How digital technology helps Ipswich learn from experience – and put the past behind it

Ipswich City Council is using all means available to show the community that the sleaze and corruption that tainted its predecessor is no more, writes Craig Johnstone.

Oct 25, 2022, updated Oct 25, 2022
Ipswich Mayor Teresa Harding says the people of Ipswich can now see how the council is making decisions. Photo: ABC

Ipswich Mayor Teresa Harding says the people of Ipswich can now see how the council is making decisions. Photo: ABC

Like a lot of other things associated with Ipswich, it started out pretty well.

Nearly 30 years ago, the historic city got a jump on most other Australian communities by launching a home grown online hub for residents called Global Info-Links.

It was a genuine coup for Ipswich to understand the potential of the Internet in its infancy. But that potential was thwarted by local politics in a place where ambition and flim-flam would eventually contribute to a thoroughly rotten council regime that stained the city’s reputation.

Now, however, the goodwill and foresight that helped create Global Info-Links is on show again thanks to the current Ipswich Council and its mayor, Teresa Harding.

Harding sees digital technology as a tool to convince Ipswich residents that her administration is nothing like the one it replaced.

“I’m certainly a firm believer that data is a key enabler for all levels of government for better decision making,” she said.

“It might not be too flashy but it’s actually helping us day in and day out”.

Elected with a mandate to clean things up, Harding announced a transparency and integrity hub at her first meeting of council as mayor in April 2020.

Ipswich now provides details online of all its financial statements, reports to council, briefing papers, details contracts of $10,000 or more, even where its lawn mowing operations are.

Harding will outline hear council’s efforts to use digital technology to improve the council’s relations with the community at a Committee for Brisbane forum on Wednesday.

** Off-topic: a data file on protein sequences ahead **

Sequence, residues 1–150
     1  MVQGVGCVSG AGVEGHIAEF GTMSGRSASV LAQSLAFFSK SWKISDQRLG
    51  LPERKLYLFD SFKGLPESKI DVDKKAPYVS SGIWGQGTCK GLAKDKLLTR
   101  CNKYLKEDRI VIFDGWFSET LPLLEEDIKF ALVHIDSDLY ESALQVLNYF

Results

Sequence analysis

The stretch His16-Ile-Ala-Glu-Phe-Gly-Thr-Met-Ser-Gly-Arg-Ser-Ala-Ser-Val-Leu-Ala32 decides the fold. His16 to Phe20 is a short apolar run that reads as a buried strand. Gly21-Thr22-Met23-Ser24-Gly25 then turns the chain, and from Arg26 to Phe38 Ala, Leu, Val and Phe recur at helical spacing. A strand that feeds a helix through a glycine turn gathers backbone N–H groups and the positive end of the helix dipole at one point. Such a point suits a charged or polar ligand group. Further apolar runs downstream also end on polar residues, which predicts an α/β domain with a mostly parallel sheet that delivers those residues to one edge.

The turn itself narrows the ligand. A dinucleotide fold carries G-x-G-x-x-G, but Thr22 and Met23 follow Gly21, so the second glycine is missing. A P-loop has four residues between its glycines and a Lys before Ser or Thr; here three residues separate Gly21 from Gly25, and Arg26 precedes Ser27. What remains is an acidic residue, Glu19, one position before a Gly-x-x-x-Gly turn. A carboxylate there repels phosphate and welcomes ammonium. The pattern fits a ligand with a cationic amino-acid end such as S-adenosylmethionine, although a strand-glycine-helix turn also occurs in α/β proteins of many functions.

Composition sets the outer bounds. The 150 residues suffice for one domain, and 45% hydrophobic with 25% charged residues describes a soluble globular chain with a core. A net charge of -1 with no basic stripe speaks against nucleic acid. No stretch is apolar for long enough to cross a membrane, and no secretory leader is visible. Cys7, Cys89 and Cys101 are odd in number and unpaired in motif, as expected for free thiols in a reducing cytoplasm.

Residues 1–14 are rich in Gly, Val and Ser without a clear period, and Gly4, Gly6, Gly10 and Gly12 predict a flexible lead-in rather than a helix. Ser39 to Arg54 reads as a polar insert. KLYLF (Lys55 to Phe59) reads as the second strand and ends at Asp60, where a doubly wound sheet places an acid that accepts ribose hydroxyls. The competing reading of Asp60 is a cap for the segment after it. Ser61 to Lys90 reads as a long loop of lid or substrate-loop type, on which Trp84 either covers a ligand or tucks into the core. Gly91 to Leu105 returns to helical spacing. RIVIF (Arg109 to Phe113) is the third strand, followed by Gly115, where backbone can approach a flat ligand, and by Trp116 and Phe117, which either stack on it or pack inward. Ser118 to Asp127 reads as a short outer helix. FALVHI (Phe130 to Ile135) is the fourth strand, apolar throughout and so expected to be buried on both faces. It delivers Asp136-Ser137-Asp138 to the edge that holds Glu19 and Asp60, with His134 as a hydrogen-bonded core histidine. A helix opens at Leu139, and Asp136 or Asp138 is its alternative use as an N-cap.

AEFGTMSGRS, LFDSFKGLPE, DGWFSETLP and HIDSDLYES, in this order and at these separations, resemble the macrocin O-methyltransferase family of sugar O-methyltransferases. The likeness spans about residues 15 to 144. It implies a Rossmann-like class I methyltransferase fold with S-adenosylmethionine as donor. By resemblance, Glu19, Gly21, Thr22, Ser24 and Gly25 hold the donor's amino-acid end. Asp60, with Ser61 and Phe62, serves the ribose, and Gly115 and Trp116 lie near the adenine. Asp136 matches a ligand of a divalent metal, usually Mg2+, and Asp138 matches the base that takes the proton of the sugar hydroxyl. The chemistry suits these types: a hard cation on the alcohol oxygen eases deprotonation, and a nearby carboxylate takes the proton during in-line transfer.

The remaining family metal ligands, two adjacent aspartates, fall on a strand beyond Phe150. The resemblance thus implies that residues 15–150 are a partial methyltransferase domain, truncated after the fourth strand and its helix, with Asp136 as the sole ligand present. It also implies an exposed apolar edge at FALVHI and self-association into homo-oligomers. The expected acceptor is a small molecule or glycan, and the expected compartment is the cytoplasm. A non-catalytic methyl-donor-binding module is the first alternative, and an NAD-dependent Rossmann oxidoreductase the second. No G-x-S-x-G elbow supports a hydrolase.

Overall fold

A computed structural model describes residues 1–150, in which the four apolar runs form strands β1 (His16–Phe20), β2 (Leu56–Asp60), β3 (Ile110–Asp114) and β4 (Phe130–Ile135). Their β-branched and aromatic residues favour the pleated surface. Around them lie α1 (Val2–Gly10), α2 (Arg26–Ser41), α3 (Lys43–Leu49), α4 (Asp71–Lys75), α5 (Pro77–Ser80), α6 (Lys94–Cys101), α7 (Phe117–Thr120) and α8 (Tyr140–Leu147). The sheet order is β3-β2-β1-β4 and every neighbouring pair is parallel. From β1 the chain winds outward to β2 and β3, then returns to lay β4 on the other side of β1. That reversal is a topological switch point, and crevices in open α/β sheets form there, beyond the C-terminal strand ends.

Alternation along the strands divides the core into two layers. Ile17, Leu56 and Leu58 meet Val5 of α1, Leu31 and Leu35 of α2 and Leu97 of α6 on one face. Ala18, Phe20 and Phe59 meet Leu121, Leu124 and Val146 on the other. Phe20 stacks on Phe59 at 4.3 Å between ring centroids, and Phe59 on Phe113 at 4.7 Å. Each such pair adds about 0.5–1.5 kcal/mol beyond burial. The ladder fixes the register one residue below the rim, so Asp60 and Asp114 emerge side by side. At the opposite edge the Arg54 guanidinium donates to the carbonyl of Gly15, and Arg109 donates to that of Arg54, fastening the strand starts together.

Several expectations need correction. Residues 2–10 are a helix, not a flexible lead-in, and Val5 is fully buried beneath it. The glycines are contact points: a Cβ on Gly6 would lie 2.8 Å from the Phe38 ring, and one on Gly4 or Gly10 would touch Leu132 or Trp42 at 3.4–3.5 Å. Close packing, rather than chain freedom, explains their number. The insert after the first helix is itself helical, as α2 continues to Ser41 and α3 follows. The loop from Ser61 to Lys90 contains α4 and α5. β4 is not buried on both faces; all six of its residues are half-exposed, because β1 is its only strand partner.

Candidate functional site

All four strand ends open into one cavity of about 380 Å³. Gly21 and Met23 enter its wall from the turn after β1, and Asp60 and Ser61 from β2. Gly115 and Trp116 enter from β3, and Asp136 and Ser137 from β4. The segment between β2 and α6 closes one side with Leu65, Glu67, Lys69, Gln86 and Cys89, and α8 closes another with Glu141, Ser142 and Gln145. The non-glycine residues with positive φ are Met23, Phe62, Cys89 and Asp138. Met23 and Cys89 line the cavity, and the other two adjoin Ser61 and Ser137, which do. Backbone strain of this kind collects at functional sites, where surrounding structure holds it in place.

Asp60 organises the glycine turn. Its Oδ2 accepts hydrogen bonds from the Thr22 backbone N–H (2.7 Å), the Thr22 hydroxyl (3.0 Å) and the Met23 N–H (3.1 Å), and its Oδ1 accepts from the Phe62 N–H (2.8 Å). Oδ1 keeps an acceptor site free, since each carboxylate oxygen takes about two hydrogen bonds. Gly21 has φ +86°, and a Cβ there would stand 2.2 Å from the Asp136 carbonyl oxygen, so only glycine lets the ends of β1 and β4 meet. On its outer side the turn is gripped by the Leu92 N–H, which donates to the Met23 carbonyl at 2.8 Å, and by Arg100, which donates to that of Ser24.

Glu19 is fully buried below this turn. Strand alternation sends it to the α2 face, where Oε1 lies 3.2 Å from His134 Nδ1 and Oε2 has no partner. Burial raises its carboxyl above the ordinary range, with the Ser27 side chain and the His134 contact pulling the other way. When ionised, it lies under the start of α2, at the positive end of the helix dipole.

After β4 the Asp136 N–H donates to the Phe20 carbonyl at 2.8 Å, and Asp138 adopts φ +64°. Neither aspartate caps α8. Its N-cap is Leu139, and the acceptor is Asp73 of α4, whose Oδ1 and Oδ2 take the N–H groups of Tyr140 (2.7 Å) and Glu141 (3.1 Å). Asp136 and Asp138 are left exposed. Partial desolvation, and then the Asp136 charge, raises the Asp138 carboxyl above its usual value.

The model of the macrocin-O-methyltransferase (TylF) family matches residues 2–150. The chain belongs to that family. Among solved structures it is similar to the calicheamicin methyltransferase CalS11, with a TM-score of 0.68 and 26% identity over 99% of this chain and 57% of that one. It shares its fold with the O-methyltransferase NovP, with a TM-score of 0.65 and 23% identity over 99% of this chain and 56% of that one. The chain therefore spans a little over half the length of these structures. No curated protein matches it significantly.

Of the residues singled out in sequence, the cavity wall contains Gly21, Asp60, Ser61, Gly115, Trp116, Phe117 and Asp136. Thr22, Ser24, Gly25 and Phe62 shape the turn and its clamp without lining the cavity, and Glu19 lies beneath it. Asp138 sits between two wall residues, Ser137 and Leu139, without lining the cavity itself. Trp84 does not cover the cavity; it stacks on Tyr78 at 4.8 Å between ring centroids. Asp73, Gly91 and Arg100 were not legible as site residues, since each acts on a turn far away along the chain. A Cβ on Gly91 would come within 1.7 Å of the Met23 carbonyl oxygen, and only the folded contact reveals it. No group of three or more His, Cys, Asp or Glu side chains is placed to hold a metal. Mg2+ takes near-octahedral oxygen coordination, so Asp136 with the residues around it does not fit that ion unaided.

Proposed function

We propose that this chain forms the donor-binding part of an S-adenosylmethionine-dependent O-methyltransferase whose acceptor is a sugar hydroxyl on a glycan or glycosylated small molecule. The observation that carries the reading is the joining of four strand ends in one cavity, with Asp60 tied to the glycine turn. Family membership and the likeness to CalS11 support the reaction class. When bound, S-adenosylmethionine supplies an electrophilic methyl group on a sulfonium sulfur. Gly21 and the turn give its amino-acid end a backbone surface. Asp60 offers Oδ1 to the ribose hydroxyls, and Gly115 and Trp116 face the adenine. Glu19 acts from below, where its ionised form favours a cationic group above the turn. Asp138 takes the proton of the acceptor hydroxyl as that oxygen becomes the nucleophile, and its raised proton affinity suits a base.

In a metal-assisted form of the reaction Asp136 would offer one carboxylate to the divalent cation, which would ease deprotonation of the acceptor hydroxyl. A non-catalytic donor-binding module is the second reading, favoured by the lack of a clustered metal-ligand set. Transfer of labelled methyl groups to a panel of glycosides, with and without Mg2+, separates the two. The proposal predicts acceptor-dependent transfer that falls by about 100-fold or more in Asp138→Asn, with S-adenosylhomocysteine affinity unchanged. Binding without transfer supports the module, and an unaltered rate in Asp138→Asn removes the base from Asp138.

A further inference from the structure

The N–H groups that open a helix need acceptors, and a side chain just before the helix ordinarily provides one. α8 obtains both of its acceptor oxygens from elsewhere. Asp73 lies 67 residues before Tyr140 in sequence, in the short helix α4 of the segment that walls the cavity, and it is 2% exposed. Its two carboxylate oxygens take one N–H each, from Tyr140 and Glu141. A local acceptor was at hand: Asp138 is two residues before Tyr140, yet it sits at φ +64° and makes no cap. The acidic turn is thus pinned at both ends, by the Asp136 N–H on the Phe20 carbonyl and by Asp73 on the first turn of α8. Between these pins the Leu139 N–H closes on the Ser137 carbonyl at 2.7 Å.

“I’m not saying we necessarily agree with everything (we publish) but at least people can see what we are being told and how we are being briefed,” she said.

“We’re not going to be right all the time – we’re not perfect – but I hope people can see what information we had at hand when we were making those decisions.”

Not only are full council meetings live streamed but committee meetings as well, a step beyond what is required under the Local Government Act.

Harding says the community feedback has been positive.

“Any council coming in after what happened was always going to confront the view that they were like all the others,” she said.

“I think it was important to use that crisis…to be very comfortable and open with government data.”

She says the council has received awards – including her 2021 McKinnon Prize for Political Leadership – recognising its efforts to improve transparency and accountability.

Other local governments, including the City of Darwin, Gympie Regional Council and Woollahra council in Sydney, have used Ipswich as a template for their own transparency reforms, she says.

“There’s nothing better than to give people surety and consistency of decision making,” she said.

Another area of difference from the previous council in terms of openness is the publication of Ipswich’s capital works program for the next three years, a move that Harding says will encourage local suppliers and provide council with enough data to show how it can help the city’s small businesses.

Harding will join urbanist and founder of the Smart Cities Council Adam Beck, managing partner at digital consultancy GWI Michelle Teis and others to discuss southeast Queensland’s digital challenges on Wednesday at the Brisbane Convention and Exhibition Centre.

For more information, contact the Committee for Brisbane.



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